Here is one thing I believe many trophy trout anglers overlook and it concerns your reel's drag system. First, it is an absolute must that the drag be smooth at all tension settings. I believe, and this is just me talking; a heavy drag setting sends a message down the line letting the fish know that this is not going to be easy. When I say heavy, remember that smooth is still the key, and heavy also depends on the strength of line one is using. I adjust my drag by feel and I am continually giving it a pull to test it throughout the day.
Let me put it this way, a three pound trout has a hard time taking drag on my gear. You should never back off your drag in my opinion. Set it to a level that allows the bigger fish to run, even when in tight, but make them work while doing it. Work is tiring; the more tired the trout, the better your chances of landing her once you get her close enough. Green fish get off on a regular basis.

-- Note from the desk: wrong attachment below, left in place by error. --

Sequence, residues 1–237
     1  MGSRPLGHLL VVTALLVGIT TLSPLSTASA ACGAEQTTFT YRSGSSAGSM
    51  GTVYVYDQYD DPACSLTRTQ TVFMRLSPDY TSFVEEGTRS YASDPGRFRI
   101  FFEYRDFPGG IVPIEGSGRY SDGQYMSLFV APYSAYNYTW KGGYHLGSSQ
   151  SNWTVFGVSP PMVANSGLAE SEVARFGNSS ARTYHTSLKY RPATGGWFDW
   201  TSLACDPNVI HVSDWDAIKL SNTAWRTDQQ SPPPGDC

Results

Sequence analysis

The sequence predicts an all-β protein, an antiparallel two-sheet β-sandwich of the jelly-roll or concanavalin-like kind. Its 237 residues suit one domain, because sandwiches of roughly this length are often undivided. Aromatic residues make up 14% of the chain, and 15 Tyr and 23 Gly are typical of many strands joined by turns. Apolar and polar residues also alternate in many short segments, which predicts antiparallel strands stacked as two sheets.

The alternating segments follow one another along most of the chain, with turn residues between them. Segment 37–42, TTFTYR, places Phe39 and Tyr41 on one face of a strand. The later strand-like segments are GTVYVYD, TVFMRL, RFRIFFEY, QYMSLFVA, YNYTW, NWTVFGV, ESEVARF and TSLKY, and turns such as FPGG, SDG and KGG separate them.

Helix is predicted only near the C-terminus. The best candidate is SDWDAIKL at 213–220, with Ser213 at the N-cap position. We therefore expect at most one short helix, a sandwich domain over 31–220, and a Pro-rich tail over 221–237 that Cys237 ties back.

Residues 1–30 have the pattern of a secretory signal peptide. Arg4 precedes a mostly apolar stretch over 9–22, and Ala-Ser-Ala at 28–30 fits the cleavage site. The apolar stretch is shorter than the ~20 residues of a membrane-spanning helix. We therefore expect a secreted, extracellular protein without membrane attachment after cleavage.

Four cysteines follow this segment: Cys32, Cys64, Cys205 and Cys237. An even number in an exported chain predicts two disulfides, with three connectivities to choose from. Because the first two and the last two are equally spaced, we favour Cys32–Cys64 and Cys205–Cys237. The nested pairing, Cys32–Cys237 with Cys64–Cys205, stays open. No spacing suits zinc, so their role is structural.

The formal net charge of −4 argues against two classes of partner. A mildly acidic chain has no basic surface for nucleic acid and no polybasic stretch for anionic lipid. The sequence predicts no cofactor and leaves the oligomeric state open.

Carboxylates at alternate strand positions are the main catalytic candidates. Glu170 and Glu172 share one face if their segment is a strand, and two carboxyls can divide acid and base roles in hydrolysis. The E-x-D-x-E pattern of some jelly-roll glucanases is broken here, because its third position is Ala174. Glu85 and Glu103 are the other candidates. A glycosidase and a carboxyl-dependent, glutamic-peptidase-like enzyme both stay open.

Your rod also plays a big role in the amount of drag you can place on a fish. The rods with faster actions and softer tips allow for better casting, they feel better feel, they help you put better action on your lures, and they also absorb the shock of a heavy headshake - whether it be at the end of a long cast or in close when a big trout pulls the, "I'll run right at you," tactic.
The Waterloo HP SLAM and SLAM MAG in 6'6" is my new choice of rod. Good quality rods and reels are the one thing we all need to have if we hope to achieve the best chance of landing that trout of a lifetime.
Lure presentation is something that each one of us does a little different from the other. Some of us have rhythms that draw instinctive strikes for feeding and non-feeding trout. Others have a walk-the-dog technique that no fish can resist. And then there are the Corky enthusiasts that wait all year long for these next few months. Whatever your choice of lures, and by the way all of them are known big trout baits, you have to concentrate on each cast.